The Lumisdens

James Fea was a personal friend of William Lumisden, a lawyer in Edinburgh, and his family. They were ardent Jacobites.  Lumisden's daughter, Isabella married another Orcadian, Robert Strange. His son, Andrew Lumisden, was one of forty three Jacobites named in the Act of Attainder in May 1746.

After the failure of the rebellion of 1745, William Lumisden and Isabella moved from their lodgings near the Tron Church to less expensive and conspicuous quarters up "the first turn-pike within the head of the Flesh-market Closs, Cannongate". Andrew, under heavy disguise, reached Edinburgh around August 1746.  He stayed with a friend and then in the closet of his father's place.  He then went south, stayed with friends in Newgate and left for France before the end of the year.

James Fea spent a great deal of time in both Edinburgh and London on the endless litigation which followed his capture of the pirate, John Gow, in 1725 on this and the Pundlar Process.  It was probably Fea's Jacobite sympathies which commended him in the eyes of Isabella Lumisden.  Certainly, surviving letters from her suggest that they were warm friends.  As Hugh Marwick suggests in his paper on "The Feas of Clestrain" (1932), "her sentiments towards Fea enable us to regard him as a more attractive personality than we otherwise could have guessed."

Dear Sir,

Your kind favourite of the 29th June was a most welcome cordial to all here - I cannot tell you how happy the thoughts of seeing you here has made me - I shall not trouble you with my  notions at present about the futurity since I flatter myself with the hope of having you here when I'll assure you I shall do all my endeavours to entertain you with the strange and wonderful account of what's happened since you and I parted which to lovers would seem an age....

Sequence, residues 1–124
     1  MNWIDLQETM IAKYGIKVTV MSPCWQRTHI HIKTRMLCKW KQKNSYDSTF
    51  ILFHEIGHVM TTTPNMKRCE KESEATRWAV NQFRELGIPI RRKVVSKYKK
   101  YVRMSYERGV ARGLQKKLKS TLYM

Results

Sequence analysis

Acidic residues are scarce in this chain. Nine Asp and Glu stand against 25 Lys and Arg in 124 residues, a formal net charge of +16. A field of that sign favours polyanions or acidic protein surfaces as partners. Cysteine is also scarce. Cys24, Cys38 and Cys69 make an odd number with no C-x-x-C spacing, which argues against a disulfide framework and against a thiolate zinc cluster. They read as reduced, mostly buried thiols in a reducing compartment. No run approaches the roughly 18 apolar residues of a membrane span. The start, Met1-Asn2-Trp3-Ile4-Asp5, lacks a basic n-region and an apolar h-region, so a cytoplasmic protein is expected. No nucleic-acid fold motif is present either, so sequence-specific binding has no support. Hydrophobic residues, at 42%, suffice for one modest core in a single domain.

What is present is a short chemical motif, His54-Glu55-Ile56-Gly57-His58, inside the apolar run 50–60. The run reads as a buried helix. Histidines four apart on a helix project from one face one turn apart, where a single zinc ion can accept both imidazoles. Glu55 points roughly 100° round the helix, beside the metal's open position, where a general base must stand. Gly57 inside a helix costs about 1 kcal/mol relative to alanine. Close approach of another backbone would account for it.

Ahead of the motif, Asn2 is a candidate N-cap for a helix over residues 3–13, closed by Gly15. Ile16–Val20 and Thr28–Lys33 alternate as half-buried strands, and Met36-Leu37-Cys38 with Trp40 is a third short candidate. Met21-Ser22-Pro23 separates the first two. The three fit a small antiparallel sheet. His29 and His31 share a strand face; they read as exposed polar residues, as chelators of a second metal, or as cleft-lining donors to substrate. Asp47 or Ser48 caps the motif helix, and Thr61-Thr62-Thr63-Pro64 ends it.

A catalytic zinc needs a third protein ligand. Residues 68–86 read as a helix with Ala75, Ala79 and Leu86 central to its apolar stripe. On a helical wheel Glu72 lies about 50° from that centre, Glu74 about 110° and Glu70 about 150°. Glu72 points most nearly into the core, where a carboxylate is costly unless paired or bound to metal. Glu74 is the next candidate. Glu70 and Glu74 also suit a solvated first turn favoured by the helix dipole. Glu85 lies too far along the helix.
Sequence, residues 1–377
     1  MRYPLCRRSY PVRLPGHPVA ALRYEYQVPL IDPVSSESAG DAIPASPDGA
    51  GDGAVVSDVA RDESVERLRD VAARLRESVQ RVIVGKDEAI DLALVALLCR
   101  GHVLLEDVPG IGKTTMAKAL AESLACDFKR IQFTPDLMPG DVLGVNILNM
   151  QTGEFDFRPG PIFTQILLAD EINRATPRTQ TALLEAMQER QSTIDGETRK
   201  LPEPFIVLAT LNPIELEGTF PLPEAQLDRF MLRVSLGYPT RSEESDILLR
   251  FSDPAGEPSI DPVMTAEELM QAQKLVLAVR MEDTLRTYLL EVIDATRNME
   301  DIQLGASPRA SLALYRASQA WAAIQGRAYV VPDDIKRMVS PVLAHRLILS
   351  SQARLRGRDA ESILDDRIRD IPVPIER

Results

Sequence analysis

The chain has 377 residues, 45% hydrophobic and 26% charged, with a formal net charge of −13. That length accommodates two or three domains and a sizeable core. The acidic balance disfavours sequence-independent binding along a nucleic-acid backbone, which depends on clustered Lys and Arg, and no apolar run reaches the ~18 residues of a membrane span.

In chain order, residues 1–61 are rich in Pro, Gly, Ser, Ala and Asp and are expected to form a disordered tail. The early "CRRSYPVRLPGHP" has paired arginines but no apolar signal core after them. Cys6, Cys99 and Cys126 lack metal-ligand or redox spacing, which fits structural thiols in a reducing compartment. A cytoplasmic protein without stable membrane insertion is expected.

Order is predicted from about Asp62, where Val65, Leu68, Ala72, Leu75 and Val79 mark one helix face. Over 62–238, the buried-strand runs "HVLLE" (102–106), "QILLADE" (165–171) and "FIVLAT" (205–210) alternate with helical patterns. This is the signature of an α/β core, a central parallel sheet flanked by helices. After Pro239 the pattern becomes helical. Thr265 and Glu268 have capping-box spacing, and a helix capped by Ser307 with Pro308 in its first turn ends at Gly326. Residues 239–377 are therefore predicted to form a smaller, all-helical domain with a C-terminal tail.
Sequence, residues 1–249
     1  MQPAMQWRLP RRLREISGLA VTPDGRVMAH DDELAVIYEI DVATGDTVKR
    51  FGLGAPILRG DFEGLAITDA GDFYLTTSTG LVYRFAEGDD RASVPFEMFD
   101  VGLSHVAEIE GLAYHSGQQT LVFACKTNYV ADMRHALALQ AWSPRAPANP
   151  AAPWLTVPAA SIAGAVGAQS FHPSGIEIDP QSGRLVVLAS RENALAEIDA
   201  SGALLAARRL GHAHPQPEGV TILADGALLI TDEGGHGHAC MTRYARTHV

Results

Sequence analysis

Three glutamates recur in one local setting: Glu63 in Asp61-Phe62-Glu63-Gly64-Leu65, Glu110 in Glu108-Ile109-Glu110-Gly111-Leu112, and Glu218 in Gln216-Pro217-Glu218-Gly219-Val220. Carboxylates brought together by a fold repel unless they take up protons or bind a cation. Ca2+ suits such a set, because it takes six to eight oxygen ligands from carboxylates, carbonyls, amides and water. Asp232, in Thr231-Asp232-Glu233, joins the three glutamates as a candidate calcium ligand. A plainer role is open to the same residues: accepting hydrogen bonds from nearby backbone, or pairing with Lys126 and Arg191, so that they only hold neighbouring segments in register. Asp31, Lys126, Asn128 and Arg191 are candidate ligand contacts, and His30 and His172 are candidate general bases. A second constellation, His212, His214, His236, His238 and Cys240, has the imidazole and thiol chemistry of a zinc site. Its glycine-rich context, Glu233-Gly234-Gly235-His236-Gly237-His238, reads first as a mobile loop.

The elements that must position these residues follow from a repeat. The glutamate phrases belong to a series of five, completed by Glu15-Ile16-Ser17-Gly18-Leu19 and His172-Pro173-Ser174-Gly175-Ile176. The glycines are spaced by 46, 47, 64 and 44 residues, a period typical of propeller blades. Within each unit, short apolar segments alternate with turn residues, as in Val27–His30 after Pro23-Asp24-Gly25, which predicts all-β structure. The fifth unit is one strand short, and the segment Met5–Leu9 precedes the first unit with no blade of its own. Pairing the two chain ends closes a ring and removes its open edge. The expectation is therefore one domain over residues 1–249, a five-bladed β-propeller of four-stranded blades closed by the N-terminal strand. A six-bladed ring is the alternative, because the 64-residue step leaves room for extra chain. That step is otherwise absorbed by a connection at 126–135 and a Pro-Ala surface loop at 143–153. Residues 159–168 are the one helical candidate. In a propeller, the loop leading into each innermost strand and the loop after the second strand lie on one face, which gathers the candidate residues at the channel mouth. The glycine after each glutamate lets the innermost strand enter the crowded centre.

This morning in obedience to you Epistle Papa and I went to Leith and got your trunk and everything I suppose was right for which Papa gave Mr. Gray a receipt.  There was a tartan night-gown, a fine night-gown, 2 caps, a full suit of Cloaths, also a black vest, a white vest, a pair of breeches, 8 shirts, 8 pairs of stockens, 4 handkerchiefs, 7 stocks, 2 wigs, a sword, 6 sable skins and a piece of another - all of which I promise will be taken good care of.  Mr Dinnison (who goes away in a day or two) as you was asking the Webs but without your orders was determined to keep them.

I shall presently make one of the pieces in Shirts for you and take care of your other piece till I hear from or see you.  Tis very pretty cloath it may serve either a General or an Admiral but I know none of these at present deserves it better than my good friend....

Isabella Lumisden to James Fea
From The Feas of Clestrain (1932), Hugh Marwick
Contained in Proceedings of the Orkney Antiquarian Society Vol. xi, pages 31-42 

Isabella Lumisden continues:

I must tell you in case you come to this place e're I write again to you.  We have mov'd lodging from the Tron Church to the First turn-pick within the head of Flesh-market Closs, Cannonage where we will expect to see you upon your araivel.  Mama and I offer our joint compliments to you and where else you think them dew. I am with great sincerity
     My Dear Sir,
    Your most affectionate Friend,
    and obliged humble Servant
Cannongate jully 9
P.S. To give you a short account of the Spark you enquair about hs is going as fast as possible to the D___l whom only he calls Master and truly he never deserv'd better I'm afraid.

The letter is addressed to James Fea, Esq., of Clestran, Orkney

Isabella Lumisden to James Fea
From The Feas of Clestrain (1932), Hugh Marwick
Contained in Proceedings of the Orkney Antiquarian Society Vol. xi, pages 31-42 

It is a letter from William Lumisden to John Fea, the brother of James Fea, which gives details of James Fea's death in London in 1756.